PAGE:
But now, on this couch, the bodies don’t move how you want. The boy is smart and kind but confused. His hands, they glide across your skin but jerk upwards, afraid of finding the wrong spot. But he finds it, you both find it, and art suddenly seems too easy, too clean.

He pulls away like a small dog afraid of its reflection and suddenly there’s distance between us on the loveseat. I don’t want to but I ask.

“Is it because I’ve done porn?”

“No. It’s not.”

And I believe him.

“I’m sorry. It’s been a hard couple of months.”

You tend to believe broken people. Those sad at the edges of the eyes.

“My parents aren’t out of town. They moved. They picked up and left a couple of weeks ago. I only come here when I want to be alone.”

I survey the room – nothing touched, nothing misplaced – and that’s when I notice the large portrait set above the fireplace, the look of a memorialized oil painting that hangs in funeral homes, a printed photograph of a dead teenage girl. I know she’s dead instantly. She is small and pretty with sharp features, an odd girl that hated middle school. She looks like him, clean skin and blue eyes.

“She killed herself.”

“Oh,” I manage.

“My mom couldn’t be here anymore. She said this wasn’t our home.”

If the cameras were on, I would have kissed the nape of his neck and laid him flat on the floor, ripping the rest of his clothes off as he gasped. Maybe the producers would like the tears, the palpable pain. What would Marky Mark do?

He looks tiny now, man to boy.

“She’s pretty. I’m sorry.”

He stares at the portrait, transfixed, and something opens again—a wave of exhaustion or feeling that eradicates the edges of his cheekbones. I see it in his face—discomfort—the fuzzy look of something lost and then, as quick as it came he’s back, aware of the living room, of his tasteful clothes, of the porn star in his home. As he undoes his belt, as the shoes come kicking off, I know that this is where she did it, in this house with mom and dad sleeping upstairs, the dog by the front door. The quiet seems sad now rather than sexy and I think of my own mom in the suburbs; she’s drinking 2% and smoking a Camel. We haven’t talked since my clothes came off for the camera.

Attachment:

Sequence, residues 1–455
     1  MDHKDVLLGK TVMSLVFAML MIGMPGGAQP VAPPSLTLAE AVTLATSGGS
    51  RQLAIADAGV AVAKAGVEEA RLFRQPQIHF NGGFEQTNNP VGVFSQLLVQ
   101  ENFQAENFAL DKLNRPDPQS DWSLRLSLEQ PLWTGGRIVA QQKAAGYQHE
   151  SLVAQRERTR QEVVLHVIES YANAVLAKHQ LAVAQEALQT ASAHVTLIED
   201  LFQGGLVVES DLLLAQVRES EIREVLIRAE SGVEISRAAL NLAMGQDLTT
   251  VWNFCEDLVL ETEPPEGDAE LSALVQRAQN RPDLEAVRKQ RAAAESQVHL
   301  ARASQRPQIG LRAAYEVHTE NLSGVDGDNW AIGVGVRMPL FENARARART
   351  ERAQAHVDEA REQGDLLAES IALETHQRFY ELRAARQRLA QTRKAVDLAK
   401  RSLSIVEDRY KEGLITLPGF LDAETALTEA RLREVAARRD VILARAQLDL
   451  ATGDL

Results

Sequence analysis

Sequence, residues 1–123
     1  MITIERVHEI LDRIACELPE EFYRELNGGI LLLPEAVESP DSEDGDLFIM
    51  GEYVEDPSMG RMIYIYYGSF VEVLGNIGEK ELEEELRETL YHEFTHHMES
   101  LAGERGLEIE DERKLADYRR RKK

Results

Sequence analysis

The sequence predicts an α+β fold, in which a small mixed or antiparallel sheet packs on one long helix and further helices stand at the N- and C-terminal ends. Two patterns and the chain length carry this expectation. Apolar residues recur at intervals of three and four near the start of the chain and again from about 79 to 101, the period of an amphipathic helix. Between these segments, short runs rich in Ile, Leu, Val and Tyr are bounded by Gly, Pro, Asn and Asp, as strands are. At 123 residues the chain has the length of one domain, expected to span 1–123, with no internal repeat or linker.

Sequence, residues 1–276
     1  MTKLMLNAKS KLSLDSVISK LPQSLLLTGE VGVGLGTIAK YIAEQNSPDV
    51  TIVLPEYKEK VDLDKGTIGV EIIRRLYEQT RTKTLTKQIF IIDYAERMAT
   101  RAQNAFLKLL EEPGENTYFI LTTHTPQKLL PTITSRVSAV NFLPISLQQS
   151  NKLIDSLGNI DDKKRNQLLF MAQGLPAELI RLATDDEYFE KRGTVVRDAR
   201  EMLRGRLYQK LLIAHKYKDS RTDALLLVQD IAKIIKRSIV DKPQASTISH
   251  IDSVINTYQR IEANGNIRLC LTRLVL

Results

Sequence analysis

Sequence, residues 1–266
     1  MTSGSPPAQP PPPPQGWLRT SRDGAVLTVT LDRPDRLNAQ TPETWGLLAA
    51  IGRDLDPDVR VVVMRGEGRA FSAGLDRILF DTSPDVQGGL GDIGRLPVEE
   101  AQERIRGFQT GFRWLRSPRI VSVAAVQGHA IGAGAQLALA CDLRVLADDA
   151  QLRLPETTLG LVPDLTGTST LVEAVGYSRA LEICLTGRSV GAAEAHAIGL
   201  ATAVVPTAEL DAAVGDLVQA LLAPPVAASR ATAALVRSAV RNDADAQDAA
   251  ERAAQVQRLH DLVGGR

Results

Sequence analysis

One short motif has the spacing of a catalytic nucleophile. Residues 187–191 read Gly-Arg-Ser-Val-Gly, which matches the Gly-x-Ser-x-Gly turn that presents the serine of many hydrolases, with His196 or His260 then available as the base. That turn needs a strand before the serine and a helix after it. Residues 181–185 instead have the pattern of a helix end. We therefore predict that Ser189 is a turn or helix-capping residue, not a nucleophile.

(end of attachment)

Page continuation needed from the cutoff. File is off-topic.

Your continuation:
He moves in front of the mantel, still staring at her portrait, his alabaster back almost glowing under the living room lights. I see a mole on the shoulder and one down the spine. He turns to me and says, “this is Lizzy.”

Then he lays down and his skin is warm against mine.

***

I felt loss in his body. The way he turned from me when I looked him in the eye, the way his muscles contracted when I kissed his back. He was moving his legs and arms and neck the way he was supposed to, the way the boys before had taught him, but his blue eyes said something different. He wanted me to look but he didn’t want to be looked at. He wanted me to stay but he wanted to be alone. The girl in the portrait would not leave us; we had to make do with her there, eyes on our bodies. I wanted, in that moment, to be her in the movie. To be his dead sister. To hold him as her, to say you are my brother. You are my beautiful brother.

***

We finish. It played out like it was supposed to—slow, a little awkward, a sloppy kiss at the end. He turns from me and I see his hair is thick and long in the back, Leonardo DiCaprio circa 1996. I want to touch it.

Then after the silence, “So do you still do porn?”

Usually, I would answer with an emphatic no, no I do not. But he had been honest and I wanted to be honest too. Like a good person.

“I might. The money is nice and it’s really not that difficult.”

He thinks about my answer and seems to accept it. Now that we’re done, he probably feels dirty, naked in front of his dead sister on the mantle—that shame in your stomach. I did a few films back to back and that went away, the strange feeling of a secret shared.

“I don’t think she’d mind,” I finally say.

He laughs, a boy laugh with Donald Duck pitch.

“Trust me. She wouldn’t.”

 

Rory Charles Thost is a 2014 graduate of UCLA’s School of Theater, Film, and Television. He completed work on his thesis film, James Dean is Dead, earlier this year.